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New life for New Cuyama

After several years of neglect, New Cuyama Airport in California’s high desert will get a second chance at life after residents, pilots, and volunteers decided it was worth saving.

New Cuyama, California, and the airstrip. Photo courtesy of Steve Sappington.

While some other airports in the state have faced closure threats in recent years, New Cuyama is the anomaly. The airfield has a legion of support from its local community, which hopes to reopen the field by October.

Though challenges with costs and runway maintenance led to the slow decline and ultimate closure of New Cuyama, the airport has long been backed by local pilots and its rural community. For years, there had been consistent talk of reopening, but ongoing tasks and upkeep seemed daunting.

Last fall, a small group of volunteers along with the nonprofit organization that owns and operates the airport, Blue Sky Center, came together to address the issues and chart a course for reopening. Following a generous donation from the San Simeon Fund, there was a renewed energy among the community to finish remaining projects and support the reopening effort.

Project leader and AOPA member Steve Sappington said, “The momentum gained by the Grant to tackle our most costly issue, the airstrip’s surface and RSA, has helped supporters to see light at the end of the tunnel. I am hopeful with donations and volunteer efforts we can complete the remaining tasks and open late this year.”

The New Cuyama Airport was closed after a period of decline. Photo courtesy of Steve Sappington.

Local businesses, pilots, and volunteers agree the New Cuyama Airport is an asset to the region for emergency support, wildfire suppression, and pilot training, and as a landmark for visitors to experience all that the Cuyama Valley has to offer. Its location in the high desert also provides a much-needed safety net for transient pilots flying from California’s Central Valley to the coast as it’s the only option when crossing the surrounding mountains.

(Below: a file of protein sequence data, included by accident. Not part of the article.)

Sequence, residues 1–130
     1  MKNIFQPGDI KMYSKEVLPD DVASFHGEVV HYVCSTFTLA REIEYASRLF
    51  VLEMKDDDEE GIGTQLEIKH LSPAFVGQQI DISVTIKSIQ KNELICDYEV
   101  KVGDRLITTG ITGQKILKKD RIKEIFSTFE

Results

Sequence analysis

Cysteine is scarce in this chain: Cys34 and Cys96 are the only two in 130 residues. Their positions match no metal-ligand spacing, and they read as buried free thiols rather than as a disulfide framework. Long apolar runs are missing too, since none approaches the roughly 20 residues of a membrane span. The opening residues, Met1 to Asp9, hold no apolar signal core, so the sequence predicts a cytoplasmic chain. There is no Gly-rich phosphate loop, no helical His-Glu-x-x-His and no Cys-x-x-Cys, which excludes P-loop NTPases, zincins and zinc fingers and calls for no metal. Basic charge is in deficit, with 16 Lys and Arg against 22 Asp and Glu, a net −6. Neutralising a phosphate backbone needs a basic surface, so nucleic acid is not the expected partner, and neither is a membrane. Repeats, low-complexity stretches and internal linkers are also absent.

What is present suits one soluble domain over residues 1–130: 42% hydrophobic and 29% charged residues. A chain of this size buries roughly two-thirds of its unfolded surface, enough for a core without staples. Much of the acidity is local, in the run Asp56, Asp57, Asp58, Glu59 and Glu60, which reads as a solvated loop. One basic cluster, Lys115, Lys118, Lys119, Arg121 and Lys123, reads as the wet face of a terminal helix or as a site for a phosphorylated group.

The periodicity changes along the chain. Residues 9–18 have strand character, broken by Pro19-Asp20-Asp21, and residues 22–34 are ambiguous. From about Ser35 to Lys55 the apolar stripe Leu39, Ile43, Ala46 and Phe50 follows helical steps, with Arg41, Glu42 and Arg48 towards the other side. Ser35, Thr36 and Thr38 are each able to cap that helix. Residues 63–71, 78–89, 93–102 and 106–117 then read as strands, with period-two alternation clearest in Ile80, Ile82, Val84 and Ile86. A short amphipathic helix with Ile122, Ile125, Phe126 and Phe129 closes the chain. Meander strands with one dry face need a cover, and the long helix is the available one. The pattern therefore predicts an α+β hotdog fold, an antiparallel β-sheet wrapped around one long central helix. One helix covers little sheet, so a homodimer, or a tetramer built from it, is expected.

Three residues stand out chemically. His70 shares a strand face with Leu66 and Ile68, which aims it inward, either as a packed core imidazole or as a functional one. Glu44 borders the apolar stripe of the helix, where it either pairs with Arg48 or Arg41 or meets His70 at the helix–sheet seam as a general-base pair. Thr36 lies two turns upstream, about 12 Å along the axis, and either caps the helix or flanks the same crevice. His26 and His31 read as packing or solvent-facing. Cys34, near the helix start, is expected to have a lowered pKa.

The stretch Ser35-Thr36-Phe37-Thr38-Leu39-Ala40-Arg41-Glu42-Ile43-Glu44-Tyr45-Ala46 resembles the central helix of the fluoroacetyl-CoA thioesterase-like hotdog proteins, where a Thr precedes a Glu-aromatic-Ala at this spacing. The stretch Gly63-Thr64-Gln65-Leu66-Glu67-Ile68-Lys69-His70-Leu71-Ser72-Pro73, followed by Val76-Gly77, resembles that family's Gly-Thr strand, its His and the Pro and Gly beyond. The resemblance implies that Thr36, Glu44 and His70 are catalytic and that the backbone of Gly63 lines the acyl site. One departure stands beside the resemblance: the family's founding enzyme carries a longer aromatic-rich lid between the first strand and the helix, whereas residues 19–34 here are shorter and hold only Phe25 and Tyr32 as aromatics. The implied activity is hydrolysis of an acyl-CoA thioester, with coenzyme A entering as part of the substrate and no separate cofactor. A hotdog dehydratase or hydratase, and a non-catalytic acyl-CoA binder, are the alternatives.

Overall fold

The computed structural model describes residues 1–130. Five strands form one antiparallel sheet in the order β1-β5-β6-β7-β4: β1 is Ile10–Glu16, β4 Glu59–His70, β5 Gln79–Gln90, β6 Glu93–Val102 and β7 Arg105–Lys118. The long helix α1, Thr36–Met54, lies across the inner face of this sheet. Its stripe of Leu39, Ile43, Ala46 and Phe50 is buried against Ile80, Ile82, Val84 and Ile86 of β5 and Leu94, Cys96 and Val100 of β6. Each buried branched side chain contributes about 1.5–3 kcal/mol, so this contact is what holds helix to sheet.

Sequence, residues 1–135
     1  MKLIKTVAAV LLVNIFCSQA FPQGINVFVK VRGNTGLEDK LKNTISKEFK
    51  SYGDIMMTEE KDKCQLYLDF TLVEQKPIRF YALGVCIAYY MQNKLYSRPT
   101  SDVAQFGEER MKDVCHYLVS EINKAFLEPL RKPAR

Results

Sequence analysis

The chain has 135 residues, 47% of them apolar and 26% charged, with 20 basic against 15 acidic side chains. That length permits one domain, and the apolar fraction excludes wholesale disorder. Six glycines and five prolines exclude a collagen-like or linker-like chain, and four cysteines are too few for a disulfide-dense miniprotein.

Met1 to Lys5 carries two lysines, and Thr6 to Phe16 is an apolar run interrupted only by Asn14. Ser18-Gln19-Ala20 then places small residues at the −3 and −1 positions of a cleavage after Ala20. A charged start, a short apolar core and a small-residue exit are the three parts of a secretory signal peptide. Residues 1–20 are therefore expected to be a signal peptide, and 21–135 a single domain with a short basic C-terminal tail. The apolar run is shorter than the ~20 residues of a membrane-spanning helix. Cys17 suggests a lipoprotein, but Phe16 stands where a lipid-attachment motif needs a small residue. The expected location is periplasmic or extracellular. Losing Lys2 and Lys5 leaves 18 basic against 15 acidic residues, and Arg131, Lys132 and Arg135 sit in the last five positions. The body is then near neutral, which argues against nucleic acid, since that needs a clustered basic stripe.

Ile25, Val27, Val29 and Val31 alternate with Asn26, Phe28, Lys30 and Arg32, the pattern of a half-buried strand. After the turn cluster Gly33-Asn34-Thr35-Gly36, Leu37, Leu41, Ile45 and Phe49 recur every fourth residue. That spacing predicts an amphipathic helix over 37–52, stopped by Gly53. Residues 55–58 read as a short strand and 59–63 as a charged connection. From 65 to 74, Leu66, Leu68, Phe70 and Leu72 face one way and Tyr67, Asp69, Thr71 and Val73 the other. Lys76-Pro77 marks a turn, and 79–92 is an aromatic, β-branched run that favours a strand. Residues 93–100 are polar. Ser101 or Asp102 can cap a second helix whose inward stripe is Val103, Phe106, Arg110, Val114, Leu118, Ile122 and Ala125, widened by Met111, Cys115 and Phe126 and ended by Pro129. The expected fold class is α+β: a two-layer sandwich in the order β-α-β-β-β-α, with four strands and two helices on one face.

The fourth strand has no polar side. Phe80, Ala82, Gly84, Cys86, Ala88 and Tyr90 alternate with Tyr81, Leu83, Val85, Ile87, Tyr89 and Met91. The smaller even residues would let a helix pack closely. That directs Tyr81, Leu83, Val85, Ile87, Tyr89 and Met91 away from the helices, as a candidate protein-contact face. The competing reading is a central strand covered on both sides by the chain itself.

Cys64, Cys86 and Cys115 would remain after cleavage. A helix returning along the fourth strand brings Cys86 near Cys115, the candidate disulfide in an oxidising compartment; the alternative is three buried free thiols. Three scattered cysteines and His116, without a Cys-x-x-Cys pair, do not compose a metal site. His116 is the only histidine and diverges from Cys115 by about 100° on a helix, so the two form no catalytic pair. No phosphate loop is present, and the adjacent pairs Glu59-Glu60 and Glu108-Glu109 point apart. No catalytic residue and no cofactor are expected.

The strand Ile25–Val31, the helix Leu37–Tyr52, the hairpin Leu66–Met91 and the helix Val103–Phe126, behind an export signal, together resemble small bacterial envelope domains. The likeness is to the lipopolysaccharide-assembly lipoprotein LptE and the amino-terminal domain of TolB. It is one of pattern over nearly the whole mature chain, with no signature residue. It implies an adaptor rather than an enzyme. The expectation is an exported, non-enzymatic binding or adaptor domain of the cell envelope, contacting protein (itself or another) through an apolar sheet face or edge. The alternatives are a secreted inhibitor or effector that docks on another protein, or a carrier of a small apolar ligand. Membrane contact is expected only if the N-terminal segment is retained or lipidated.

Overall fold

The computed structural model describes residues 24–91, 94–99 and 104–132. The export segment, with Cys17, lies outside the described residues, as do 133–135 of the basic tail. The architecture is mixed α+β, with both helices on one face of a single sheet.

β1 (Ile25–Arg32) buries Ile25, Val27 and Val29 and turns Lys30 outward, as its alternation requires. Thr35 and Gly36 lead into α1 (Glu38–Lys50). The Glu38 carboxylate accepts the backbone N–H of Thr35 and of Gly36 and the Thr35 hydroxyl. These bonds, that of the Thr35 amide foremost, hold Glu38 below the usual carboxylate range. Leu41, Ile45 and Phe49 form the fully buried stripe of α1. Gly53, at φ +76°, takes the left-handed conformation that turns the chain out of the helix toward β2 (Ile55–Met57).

“New Cuyama is one of those towns that is still beating in the California heartland. All of the community, Blue Sky Center, [Cuyama Buckhorn resort] and the neighboring property owners support the airport, which is becoming more and more rare these days,” said Michael Kent, a commercial pilot and airport volunteer.

Kent and his wife Velinda have spent years flying around in their backcountry Cessna 182 on what they call reconnaissance trips looking for new places and airports to explore. He described New Cuyama as a sleepy town with a unique character.

A 2021 work party tackled asphalt patching, weed clearing, and other tasks. Photo courtesy of Steve Sappington.

“As pilots we often take for granted our privilege to flit around the United States in our flying excursions. Less than an hour flight from [Van Nuys Airport], even brief visits to New Cuyama are a stark contrast to the Los Angeles [Basin], providing an opportunity to step back in time, to a slower, healthier life,” said Kent.

Like Kent, other local volunteers and pilots have come to cherish the airport as an escape from the city. One pilot from Los Angeles County described New Cuyama as a gift, saying, “We live in a highly populated area and anytime we can escape to a land of empty space, that is something to be treasured.”

Sappington has high hopes for the future of New Cuyama Airport and believes it will be good for the local economy. “Over the last few years, The Cuyama Buckhorn has become a resort destination and I can see the Cuyama Valley as relatively close respite for central and [Southern] California urban pilots who wish to have a quick getaway. In that way, the increase in visitors arriving through [the airport] supports the valley’s businesses and services, which can mean more jobs for the residents.”

While New Cuyama is set to begin a new chapter, there is still work to be done. Taxiway and ramp funds are still needed to meet California Department of Transportation requirements, and leaders still need to draft a maintenance plan. Supporters are asking for help from the aviation community to complete the reopening effort by visiting its fundraising page.

Amelia Walsh

Communications and Research Specialist
AOPA Comms and Research Specialist Amelia Walsh joined AOPA in 2017. Named after the famous aviatrix, she's a private pilot working on her instrument rating in a Colombia 350.
Topics: Advocacy, Airport Advocacy

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